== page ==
Netflix & Chill #41: Coco

Watched On: DVD
Released: 2017
Starring: Anthony Gonzalez, Gael Garcia Bernal, Benjamin Bratt, Alanna Ubach, Renee Victor, Ana Ofelia Murguia, Edward James Olmos
Rotten Tomatoes: 97%
Pick: Mine

The Elder Spawn had been requesting to see this for awhile and to be honest, both the Missus and I were game for seeing it as well. We were talking about possibly going to see it in the theaters last fall, but we never managed to get that set up, so when I discovered that the Grandparents had it on blu-ray in their extensive collection downstairs, I snagged it and we gave it a watch. Spoiler Alert: it's a Pixar movie, so as per usual, they don't miss a beat.

In the town of Santa Cecilia, Mexico, Imelda Rivera was a wife of a musician who left her and their 3 year old daughter Coco to pursue his dream of fame in the world of music. He never returned, abandoning the family, so Imelda banished all music from her life and opened a shoe-making business instead.

Nearly a century later, her great-great grandson Miguel is 12 years old and lives with Coco and his extended family. In secret, he dreams of becoming a musician like Ernesto de la Cruz, a famous musician from his great grandmother Coco's generation. One day, shortly before the day of the day, Miguel knocks the picture frame holding a photo of Coco with her parents off of the family ofrenda and, removing the photograph, discovers that his great-great grandfather (who's face, is, of course, torn out) is holding Ernesto's guitar. Assuming that Ernesto de la Cruz is his great-great grandfather, he decides to enter the local talent show for the dya of the Dead. He enters Ernesto's mausoleum and takes the guitar to use in the show, only to discover he has become invisible to everyone in the village.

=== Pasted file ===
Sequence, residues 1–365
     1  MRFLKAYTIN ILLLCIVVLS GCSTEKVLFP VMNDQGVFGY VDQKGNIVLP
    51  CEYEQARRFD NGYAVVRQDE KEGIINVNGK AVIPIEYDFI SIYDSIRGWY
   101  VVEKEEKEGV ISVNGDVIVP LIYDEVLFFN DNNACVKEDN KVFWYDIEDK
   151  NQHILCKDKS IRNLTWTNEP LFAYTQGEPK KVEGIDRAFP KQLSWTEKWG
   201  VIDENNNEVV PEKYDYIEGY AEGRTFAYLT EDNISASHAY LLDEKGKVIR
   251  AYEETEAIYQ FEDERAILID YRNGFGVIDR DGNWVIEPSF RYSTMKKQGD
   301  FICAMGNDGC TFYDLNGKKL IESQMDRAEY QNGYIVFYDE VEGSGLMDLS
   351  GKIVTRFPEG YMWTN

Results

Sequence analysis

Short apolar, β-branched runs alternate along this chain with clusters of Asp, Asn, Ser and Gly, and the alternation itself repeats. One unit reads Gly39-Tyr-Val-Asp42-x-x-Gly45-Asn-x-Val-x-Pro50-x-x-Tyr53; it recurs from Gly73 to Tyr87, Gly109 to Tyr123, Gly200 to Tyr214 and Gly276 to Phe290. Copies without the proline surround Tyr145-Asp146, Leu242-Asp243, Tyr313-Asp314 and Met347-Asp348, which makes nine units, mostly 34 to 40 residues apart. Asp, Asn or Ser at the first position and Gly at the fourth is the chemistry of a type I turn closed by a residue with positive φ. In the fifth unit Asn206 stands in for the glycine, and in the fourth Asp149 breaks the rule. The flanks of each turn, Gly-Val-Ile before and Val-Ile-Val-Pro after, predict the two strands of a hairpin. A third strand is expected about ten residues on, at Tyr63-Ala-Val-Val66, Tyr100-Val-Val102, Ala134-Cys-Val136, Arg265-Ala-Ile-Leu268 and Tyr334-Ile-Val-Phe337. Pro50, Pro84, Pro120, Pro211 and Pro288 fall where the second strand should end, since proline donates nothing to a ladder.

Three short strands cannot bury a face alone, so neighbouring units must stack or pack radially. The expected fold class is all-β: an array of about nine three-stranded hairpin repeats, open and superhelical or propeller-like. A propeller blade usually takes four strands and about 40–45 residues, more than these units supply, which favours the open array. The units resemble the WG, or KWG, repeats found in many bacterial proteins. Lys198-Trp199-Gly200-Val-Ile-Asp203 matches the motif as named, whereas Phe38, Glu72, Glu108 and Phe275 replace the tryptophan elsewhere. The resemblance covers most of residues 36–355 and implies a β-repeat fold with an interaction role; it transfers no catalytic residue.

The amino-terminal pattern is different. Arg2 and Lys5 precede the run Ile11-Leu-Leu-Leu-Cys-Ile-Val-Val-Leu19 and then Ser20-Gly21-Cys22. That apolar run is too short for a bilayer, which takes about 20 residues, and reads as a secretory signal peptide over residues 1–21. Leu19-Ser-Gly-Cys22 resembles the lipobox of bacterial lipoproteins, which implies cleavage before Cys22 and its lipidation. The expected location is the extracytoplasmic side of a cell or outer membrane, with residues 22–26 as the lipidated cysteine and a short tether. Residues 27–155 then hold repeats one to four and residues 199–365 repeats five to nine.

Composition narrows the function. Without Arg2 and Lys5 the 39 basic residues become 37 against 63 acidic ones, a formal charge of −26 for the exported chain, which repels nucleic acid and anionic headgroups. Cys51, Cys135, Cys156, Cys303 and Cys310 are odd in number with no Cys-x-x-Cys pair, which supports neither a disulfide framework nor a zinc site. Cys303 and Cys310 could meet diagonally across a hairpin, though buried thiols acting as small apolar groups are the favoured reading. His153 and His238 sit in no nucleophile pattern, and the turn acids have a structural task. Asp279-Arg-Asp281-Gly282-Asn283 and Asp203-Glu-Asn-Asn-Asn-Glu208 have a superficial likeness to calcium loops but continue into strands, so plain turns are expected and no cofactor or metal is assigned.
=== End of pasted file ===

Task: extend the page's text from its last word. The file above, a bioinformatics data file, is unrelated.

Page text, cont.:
Realizing that he has been cursed for stealing from the dead, Miguel and his dog Dante travel across the marigold bridge to the Land of the Dead to figure out what they have to do get home. Turns out, because he took his Great Grandmother Imelda's picture off of the ofrenda, she can't go visit the family for the Day of the Dead- and, since Miguel needs a blessing from a family member to return home, she agrees to give Miguel her blessing, but only if he gives up his musical dreams.

Refusing to do so, Miguel runs away in search of Ernesto de la Cruz, intending to get his blessing instead. Along the way, he meets a down on his luck skeleton named Hector, who is desperate to try and get back to his family and agrees to help Miguel if he will take his photo back to the land of the living before his daughter forgets him and he disappears entirely.

When Hector realizes that Miguel has relatives and that he can go back whenever he wants, he attempts to return Miguel to them, but Miguel runs away and infiltrates Ernesto's mansion instead, learning the truth: Ernesto murdered Hector when Hector was ready to return to his family and passed Hector's songs off as his own- which means that Hector is actually Miguel's great-grandfather. Eventually, Miguel escapes from Ernesto and together with his family gets the required blessing to head back to the land of the living, where he plays some of Hector's songs for Coco, which helps revitalize her memory of him and Hector's true legacy is revealed and Miguel gets to fulfill his musical dreams.

Overall: Look, it's a Pixar movie. It's beautiful, the music is incredible, it's a gorgeous celebration of family, love and the traditions and culture of Mexico. It tugs at your heart strings (and yes, I'm man enough to admit that 'Remember Me' got me a little misty eyed. Okay, a lot misty-eyed damn it) and is more than up to their usual standards of excellence. As with all kid movies, my standard of 'is it good' is a simple one: does it entertain your kids and you? In Coco's case, the answer is a resounding yes. My Grade: **** out of ****


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